Clearly they were making the pledge based on defending their assertion of independence. Furthermore they were making the pledge to each other not to a corporate or a Government entity as certain legislation may require.



posted on Sep, 14 2009 @ 01:54 AM
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reply to post by harvib
 


I never mentioned any legislation. I am talking about a mindset, an approach to your fellow American.

In order to defend our freedoms we must pledge all to eachother.



posted on Sep, 14 2009 @ 01:57 AM
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It definitely is not the foundation of our morals. Maybe our idealist myths.

If it was. Anyone could walk up to anyone anywhere any night at any time and say "I have nothing, I need food and a place to stay" If the person can provide, it is thier patriotic duty to do so.

I'd say the reality of the country is nearing 1% or less of a chance for such events to occur.



posted on Sep, 14 2009 @ 02:03 AM
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reply to post by HunkaHunka
 


The founders did exactly that. They claimed their freedom. Said the king of england had no hold over them or the colonies. Went to France to get the Nod from them that US colonies were a new nation free of the governmental ties that had previously bound them to england.

This does not change the fact that all the farmers and cobblers back in the US were still cobbling and farming. Heck some lived their whole lives not even knowing a revolution had taken place.

One does not need to pledge life and property to everyone else to maintain a free society. What you aspire too is communism. Pure simple and true.

The founders pledged the fortune, life, and honor in pursuit of a free nation.

They were FREE TO DO THAT. The hold the crown had on the colonies and the people there of did not have a hold over the choices the founders made because THEY WERE FREE MEN!

You don't get it. You ascribe to this romantic idealism of the founders. You do not seem to consider the reality of the day. The hard life they lived ,the poverty, the shorter life spans or the wide open spaces back then. Open Land provides more freedom then you can probably conceive. And the freedom to be left alone is important.

Thats what they rebelled over. The king would not leave them alone. Kept on taking their earnings from their labor, inisting on the common folk to support their military and by support I mean feed them mend their cloths house them and no complaining when a red coat takes your daughters virtue.

THAT violation of anothers freedom prompted them to rebel. They were able to rebel because they were freethinking men.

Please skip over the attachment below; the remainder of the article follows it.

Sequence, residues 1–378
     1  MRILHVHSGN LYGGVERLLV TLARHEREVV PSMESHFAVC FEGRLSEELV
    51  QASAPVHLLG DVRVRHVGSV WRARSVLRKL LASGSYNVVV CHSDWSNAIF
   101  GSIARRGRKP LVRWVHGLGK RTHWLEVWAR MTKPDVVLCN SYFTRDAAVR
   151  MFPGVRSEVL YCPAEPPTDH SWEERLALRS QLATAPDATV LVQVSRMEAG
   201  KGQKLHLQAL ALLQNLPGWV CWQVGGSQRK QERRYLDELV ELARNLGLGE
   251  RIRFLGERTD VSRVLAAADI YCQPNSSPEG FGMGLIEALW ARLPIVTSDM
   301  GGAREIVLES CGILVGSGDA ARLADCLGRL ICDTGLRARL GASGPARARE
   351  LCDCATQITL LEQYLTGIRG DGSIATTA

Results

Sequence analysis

No thought police, no brainwashed propaganda to confuse them into inaction...

Let me ask you this HunkaHunka, What have you done to help others with their freedom?

Fancy words are great and all but what actions have you taken to help others realize they are free to do as they want to be?



posted on Sep, 14 2009 @ 02:11 AM
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You see, a seperation of people and government has occured. The ideas are awesome, beautiful and inspiring but they hardly were executed to even the smallest of US populations if any at all. The region at the time, totally controlled by religion, and a low average education for generations very early.

No longer can we trust the integrity of hard working assertive men. The reason is, the hard working assertive man that is granted powers and wealth begins to actually believes through his hard work and assertiveness he should have more power and wealth then the next person. This totally disassociates working man from non assertive/working man, thus leads to working man now looking down on non assertive man, viewing it as weakness or inept ability. Now totally disassociated from non assertive man, assertive man begins to realize how to financially exploit non asertive man. Here we are, 2009.

[edit on 14-9-2009 by sticky]



posted on Sep, 14 2009 @ 02:17 AM
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reply to post by HunkaHunka
 





I never mentioned any legislation. I am talking about a mindset, an approach to your fellow American.

In order to defend our freedoms we must pledge all to eachother.



Fair enough. I was getting the impression that your OP was an attempt to justify a recent proposed piece of legislation but clearly you are referring to a mind set and nothing else. Therefore would you agree in the necessity of banding together in order to prevent Americans from being forced to make such a pledge.